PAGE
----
Bee Louse Treatment – Tips and Advice

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The bee louse (braula fly) is a parasitic pest of honeybees. It is often found on the head of the bee in an infestation. This is because the pest feeds on honey as well as nectar from the mouth-parts of honeybees. Bee lice reproduce in the beehive. Their larvae burrow through honeycomb and can cause a lot of losses in both brood and stored honey. Avoiding such losses is important in beekeeping. Severe infestations by the bee louse cost you your beehive products and weaken the honeybee colony. This guide leads you through understanding infestations and as well as providing tips and advice for bee louse treatment.

About the Bee Louse

Bee louse - Braula coeca

The bee louse is an insect of the fly family. It is not recognized as a true parasite of honeybees but nonetheless, it is found in honeybee colonies quite often. The Diptera family of the bee louse has two genera and seven species in it. Bee lice are unusual flies due to their winglessness. They are not mites or lice as many would think. A bee louse is very small. Its size is nearly the same as a Varroa mite.

Many beekeepers are in the habit of calling this parasite of honeybees by its other name, Braulidae. It is a name that comes from Braula Coeca, which is the first species to be discovered. This was in 1818 by a German zoologist called Christian Ludwig Nitzch. In the year 1986, an entomologist from America called David Grimaldi discovered the genus Megabraula. If you read more about this bee parasite, you might find it also referred to by the name Braula fly.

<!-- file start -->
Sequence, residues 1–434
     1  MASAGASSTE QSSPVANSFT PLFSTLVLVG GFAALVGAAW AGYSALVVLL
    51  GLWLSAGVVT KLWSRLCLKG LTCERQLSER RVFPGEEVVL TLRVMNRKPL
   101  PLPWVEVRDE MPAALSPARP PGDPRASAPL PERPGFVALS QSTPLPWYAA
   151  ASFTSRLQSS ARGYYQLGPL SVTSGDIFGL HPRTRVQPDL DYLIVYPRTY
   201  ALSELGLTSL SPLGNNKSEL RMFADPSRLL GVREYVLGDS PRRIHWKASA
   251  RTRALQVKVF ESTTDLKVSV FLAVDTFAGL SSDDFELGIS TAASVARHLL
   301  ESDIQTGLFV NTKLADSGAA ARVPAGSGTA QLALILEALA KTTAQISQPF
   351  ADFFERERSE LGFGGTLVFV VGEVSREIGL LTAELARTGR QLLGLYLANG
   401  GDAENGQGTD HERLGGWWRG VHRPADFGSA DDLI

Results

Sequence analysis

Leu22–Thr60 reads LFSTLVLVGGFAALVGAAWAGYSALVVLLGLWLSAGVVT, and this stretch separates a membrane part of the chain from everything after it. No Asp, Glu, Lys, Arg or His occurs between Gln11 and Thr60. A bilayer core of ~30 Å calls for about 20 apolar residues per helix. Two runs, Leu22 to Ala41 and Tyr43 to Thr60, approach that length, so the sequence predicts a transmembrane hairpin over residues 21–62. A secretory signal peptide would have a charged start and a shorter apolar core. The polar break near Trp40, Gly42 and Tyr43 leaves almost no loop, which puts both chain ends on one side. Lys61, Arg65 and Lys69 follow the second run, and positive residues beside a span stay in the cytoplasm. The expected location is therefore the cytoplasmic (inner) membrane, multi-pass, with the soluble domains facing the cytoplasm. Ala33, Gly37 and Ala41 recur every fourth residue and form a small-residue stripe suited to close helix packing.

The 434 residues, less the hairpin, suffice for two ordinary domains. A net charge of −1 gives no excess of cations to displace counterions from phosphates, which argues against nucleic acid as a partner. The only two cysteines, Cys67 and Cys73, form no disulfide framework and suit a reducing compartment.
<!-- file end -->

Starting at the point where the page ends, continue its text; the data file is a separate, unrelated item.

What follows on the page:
Global Distribution and Spread of the Bee Louse

Bee louse has spread throughout the world and is today found in all major beekeeping regions. These include Africa, America, Australia and Europe. Bee lice prefer to stay on the mouthparts of the queen bee in a honeybee colony. For this reason, it is believed that they entered the United States beekeeping arena due to queen importation. Further selling and giving away queen bees in the country has caused infestations with lice in many places.

Species of bee lice are believed to have a preference for different honeybee races. The common bee lice in Carniolan honeybee colonies and Middle Eastern bee races, do not infest colonies of Italian honeybees. Braulidae Coeca is widely known in beekeeping because it is the species of bee louse that is commonly encountered around the world.

Bee Louse Life-Cycle

The life cycle of bee lice moves through four stages. Adult lice lay eggs that hatch on honey cappings after 2-7 days depending on the temperature that the egg is exposed to in the beehive.